The importance of Te Tiriti o Waitangi | Te hiranga o Te Tiriti o Waitangi

In Aotearoa New Zealand, there is a national framework that applies in a just transition process: Te Tiriti o Waitangi.

At the heart of Te Tiriti o Waitangi is the exchange of rights and responsibilities between Crown and Māori. The right of the Crown to govern in article 1 and the right of Māori to exercise tino rangatiratanga sovereignty in article 2 are fundamental in a just transition process.

Tino rangatiratanga requires central and local government to come to the community, to the hapū, to the iwi or to the marae meeting ground to hear what the issues, needs or aspirations are, from the ground up, to know how best to respond.

Just transitions should recognise the past and ongoing injustices and inequities for Māori. In iwi, hapū and marae histories, colonisation, loss and trauma are not things that can be spoken or written about lightly. These have been pervasive, and the effects are deeply felt and ongoing. Until this is addressed, there is a significant risk of perpetuating injustice in new ways.

To give effect to Te Tiriti, a just transition process must be resourced and empowered through regulatory and legal frameworks. This is where communities need support from government agencies, reflecting Crown responsibilities under Te Tiriti. Where marae, hapū or iwi are empowered, they are then better equipped to support those in their rohe region.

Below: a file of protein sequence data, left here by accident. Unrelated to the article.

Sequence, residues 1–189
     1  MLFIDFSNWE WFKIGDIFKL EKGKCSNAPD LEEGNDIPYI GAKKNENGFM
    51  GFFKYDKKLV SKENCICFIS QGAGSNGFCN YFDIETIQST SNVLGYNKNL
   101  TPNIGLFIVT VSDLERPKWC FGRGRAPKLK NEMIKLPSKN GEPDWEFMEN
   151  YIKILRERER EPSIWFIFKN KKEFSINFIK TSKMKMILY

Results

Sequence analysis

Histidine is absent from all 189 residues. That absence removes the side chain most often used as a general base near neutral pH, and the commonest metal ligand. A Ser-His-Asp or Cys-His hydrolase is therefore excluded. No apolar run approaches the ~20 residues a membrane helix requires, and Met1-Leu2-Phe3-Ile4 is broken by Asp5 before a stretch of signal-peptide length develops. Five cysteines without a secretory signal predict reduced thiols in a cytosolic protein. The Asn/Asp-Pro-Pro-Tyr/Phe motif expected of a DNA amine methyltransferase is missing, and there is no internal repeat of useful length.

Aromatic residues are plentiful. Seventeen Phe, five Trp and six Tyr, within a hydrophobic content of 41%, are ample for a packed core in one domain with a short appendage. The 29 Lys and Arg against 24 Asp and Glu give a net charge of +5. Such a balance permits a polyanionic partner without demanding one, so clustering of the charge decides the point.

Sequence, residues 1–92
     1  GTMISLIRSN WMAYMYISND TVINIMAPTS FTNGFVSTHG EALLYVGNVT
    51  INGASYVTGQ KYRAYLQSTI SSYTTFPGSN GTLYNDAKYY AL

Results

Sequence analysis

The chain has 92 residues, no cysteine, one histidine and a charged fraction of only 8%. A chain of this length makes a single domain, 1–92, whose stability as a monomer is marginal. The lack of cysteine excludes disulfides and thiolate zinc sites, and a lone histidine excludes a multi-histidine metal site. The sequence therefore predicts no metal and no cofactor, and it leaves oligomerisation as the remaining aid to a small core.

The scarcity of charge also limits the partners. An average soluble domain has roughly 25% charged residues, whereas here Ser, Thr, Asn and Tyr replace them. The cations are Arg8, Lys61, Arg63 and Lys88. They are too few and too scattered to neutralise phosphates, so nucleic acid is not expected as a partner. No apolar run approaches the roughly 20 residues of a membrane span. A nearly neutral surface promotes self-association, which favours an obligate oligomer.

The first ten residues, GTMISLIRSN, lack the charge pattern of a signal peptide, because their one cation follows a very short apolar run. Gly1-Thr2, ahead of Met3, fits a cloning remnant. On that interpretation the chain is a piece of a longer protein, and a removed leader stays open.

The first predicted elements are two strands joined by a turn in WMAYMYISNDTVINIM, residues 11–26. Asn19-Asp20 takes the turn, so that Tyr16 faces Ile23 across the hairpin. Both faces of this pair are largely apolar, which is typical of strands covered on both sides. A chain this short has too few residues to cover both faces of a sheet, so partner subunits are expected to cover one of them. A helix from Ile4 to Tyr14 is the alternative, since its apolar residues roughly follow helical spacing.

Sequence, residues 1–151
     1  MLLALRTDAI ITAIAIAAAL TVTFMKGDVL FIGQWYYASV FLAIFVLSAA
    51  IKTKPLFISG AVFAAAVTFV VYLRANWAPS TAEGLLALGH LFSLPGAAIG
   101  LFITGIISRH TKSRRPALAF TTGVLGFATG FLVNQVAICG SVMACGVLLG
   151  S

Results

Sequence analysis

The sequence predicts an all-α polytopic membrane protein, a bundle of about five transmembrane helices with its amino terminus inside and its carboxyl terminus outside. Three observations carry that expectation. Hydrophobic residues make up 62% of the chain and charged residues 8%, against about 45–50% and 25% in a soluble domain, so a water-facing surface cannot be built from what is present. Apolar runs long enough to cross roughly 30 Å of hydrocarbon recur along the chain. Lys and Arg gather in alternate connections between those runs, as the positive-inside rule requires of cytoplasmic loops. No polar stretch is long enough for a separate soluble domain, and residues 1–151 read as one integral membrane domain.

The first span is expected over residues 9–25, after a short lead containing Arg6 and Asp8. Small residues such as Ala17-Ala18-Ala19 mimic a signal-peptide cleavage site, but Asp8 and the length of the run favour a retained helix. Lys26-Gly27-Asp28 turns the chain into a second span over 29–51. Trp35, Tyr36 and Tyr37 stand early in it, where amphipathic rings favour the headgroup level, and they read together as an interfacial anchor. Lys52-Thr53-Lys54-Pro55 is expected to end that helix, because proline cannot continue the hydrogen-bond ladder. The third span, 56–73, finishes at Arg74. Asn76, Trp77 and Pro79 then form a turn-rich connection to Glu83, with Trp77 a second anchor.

The following links offer more guidance on Te Tiriti o Waitangi:

The Treaty of Waitangi/Te Tiriti o Waitangi(external link) — Waitangi Tribunal

Te Tiriti o Waitangi – Treaty of Waitangi(external link) — Ministry of Justice

Te Tiriti o Waitangi/The Treaty of Waitangi(external link) — Te Papa

Ngāti Manu keep the home fires burning (Kāretu Valley, Bay of Islands)

Building on generations of leadership, and with support from several projects, Ngāti Manu have been able to accelerate their social and ecological plans for the Kāretu Valley in the Bay of Islands.

In 2021, Ngāti Manu established a māra kai community garden and harvested kūmara sweet potatoes for distribution to the local hapori community, reconnecting descendants with their whenua land and rebuilding customary food systems. In 2022, a native tree nursery was established to support tree planting in the valley, enabling practices of kaitiakitanga guardianship.

Ngāti Manu established a marae-based education programme, Nga Kaitiaki o te Ahi. The aim of the programme is “to enable successive generations of Ngāti Manu ahi kā to keep the home fires burning for and on behalf of the ever-growing diaspora”. The programme does this by embedding values and practices of kaitiakitanga in young people.

For Ngāti Manu, cultivating practices that nourish social and ecological wellbeing is vital – not least in the face of climate-induced vulnerabilities. By combining customary knowledge and values with western science and technologies, Ngāti Manu have, in a short space of time, built resilience, responsiveness and innovation in the face of radical social and environmental change.

Photo: A group of children stand in a garden with their elders. There is one person bent over working in the garden, and one older woman with white hair talking to the children.

Photo credit: Te Kauri McPherson